Collective phenomena in animal groups; biological modeling; biostatistics
Collective behavior in animals—how animals behave in groups. I am a mechanistic modeler who collaborates with biologists to understand animal behavior: Birds flock, fish swim in schools, ants build nests and forage for food, sheep dogs herd sheep. My research isn’t restricted to specific species or phenomena, so it makes it very interesting. I can develop mathematical or computational models for any phenomenon biologists are interested in knowing more about. My favorite research project was modeling collective behavior of leaf-cutting ants. My biologist collaborator had previously observed that individual ants appear to follow specific traffic rules on trails. She had also observed that the overall ant traffic on the trail exhibited interesting patterns, in particular, lane formation. We developed models to investigate the link between the individual ant rules and the overall traffic patterns observed. We needed to go back and forth between model work and experiments several times over a period of years before a sensible model was obtained. The process is always iterative.
I taught here for two years, from 2014-16, as a postdoctoral teaching fellow. Prior to Lafayette, I had been teaching in Sweden. There my class sizes were often large—as many as 80 students. I tried to always seek out the students who weren’t doing well, to offer them assistance. Then I came to Lafayette where I had 17 students in each of my classes. The benefits of that became immediately noticeable. The students I had in class were driven and ambitious and knew they needed to work hard. I found that I could spend a lot of time with all of the students—not just ones who needed extra help. It was amazing from the first time I taught here. I went back to Europe and worked at a research university in the United Kingdom, where at one point I had 97 students in a computer lab at the same time. It reinforced that I wanted to move back to a place like Lafayette.
Students can certainly expect that I will do my best. My primary goal is to set sensible objectives and design a route to get each student to meet the objectives. I’m extremely flexible. If one route doesn’t work for a particular student, I’ll try another. I’ll keep trying until it works.
I teach mathematics to biologists, so I want to remove any potential anxieties about mathematics and build students’ confidence. I want to provide enough detail about why it’s important for them to invest time in what we are learning. Something might seem annoying now, but I want them to know that I will assist them through it. I want them to understand the importance of what they are learning and how they might use it later. It could help them understand climate change, save sea turtles, or whatever they are passionate about.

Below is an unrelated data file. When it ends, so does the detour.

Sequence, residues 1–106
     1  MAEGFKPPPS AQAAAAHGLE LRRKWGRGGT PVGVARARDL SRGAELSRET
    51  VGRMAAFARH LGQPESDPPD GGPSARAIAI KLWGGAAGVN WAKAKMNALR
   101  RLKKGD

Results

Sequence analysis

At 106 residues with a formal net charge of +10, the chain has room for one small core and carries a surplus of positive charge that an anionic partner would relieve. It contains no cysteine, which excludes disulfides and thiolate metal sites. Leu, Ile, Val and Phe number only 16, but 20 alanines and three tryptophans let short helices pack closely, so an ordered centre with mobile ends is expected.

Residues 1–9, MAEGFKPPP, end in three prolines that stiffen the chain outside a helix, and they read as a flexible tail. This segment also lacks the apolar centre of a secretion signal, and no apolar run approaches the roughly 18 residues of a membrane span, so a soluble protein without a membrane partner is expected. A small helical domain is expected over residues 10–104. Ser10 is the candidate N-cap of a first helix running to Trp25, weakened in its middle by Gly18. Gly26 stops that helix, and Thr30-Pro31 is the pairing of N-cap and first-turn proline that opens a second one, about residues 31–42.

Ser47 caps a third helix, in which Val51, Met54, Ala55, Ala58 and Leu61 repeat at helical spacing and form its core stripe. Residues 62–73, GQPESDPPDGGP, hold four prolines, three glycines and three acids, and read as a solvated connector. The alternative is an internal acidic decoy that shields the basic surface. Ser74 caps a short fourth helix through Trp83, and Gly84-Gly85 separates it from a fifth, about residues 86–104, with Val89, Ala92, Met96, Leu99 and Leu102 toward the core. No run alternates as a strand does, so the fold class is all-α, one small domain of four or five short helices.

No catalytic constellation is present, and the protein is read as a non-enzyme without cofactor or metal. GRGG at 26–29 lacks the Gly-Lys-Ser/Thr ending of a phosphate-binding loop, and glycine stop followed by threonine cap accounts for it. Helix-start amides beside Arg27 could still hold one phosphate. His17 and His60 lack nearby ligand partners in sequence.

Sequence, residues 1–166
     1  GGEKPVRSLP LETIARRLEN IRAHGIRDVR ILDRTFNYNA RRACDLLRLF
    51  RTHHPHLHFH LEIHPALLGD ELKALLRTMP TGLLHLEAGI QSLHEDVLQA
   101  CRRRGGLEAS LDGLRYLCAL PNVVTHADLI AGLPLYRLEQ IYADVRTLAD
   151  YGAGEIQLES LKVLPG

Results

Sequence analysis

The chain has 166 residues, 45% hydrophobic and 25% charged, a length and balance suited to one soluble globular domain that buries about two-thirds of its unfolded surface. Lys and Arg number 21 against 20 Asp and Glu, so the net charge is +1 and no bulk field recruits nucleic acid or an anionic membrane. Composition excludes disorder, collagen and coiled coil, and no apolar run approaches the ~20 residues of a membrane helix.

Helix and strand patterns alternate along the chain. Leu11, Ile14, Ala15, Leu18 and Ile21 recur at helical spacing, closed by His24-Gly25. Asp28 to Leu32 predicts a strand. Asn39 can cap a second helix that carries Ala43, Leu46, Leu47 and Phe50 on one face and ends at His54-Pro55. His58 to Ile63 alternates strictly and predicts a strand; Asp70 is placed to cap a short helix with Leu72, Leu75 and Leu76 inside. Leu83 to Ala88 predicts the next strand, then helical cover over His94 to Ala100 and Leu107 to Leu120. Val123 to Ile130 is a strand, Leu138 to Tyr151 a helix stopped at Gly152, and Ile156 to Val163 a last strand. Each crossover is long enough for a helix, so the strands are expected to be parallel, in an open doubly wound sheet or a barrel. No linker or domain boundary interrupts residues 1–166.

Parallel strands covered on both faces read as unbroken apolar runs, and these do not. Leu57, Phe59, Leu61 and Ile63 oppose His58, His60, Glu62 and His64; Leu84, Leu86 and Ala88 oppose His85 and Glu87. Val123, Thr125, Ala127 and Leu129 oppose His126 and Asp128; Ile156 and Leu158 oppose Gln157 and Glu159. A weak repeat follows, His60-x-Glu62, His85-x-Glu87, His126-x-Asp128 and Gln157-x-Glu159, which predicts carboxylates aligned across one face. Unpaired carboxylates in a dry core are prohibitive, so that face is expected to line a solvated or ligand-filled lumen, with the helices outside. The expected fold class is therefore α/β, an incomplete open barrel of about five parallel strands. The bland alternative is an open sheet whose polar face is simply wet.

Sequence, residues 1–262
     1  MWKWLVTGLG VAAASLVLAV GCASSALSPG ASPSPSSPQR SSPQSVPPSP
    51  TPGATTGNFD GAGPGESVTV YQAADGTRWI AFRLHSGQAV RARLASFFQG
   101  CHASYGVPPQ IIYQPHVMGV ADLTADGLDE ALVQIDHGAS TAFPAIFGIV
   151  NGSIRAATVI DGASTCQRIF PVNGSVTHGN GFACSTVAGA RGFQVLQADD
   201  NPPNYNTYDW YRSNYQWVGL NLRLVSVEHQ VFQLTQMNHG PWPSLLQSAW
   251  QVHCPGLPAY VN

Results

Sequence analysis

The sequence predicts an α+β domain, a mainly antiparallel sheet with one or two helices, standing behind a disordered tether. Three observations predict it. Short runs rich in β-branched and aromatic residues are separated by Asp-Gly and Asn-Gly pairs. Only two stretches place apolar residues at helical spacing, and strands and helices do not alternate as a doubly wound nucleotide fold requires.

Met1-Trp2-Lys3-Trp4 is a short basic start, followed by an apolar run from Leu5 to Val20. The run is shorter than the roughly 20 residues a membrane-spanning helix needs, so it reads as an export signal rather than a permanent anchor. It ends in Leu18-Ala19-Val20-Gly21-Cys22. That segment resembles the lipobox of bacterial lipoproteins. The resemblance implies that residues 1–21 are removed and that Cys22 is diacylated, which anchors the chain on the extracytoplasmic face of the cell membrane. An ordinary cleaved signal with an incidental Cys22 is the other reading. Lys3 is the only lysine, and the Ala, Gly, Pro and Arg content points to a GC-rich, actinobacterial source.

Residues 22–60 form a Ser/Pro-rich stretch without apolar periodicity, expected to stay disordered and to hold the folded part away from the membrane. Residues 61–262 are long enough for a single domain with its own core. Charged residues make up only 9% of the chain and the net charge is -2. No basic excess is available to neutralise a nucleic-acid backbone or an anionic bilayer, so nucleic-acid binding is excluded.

This is a teaching award I won in 2011. It is something I am very proud of because it was awarded by biology students. Biology students nominate faculty and hundreds vote. I was the first non-biologist to win the award. I was teaching mathematics and statistics to biology students. Those subjects can sometimes get a chilly response from biology students. Two of the students who I had in class signed the award. It reads, “for your engagement and pedagogical skill, you are hereby awarded this most honorable prize. We hope this inspires you in the future.” It most certainly has.
I collect dress shoes. I currently have about 40 pairs, but my collection is always evolving. I started it sort of seriously when I was here at Lafayette before. When I was a teenager, I always wore the same shoe: Doc Martin 1925 model. They broke. I replaced them, but the quality of the shoe had decreased, and they wore out quickly. So I had to find new shoes. But I didn’t like what I saw in most standard shoe shops. I started looking online and found these amazing things. These were pieces of art, and I realized these are the shoes I should be wearing. I got one pair, then another, and it kept escalating. Comfort is a factor. But comfort can’t be reason alone to buy a shoe.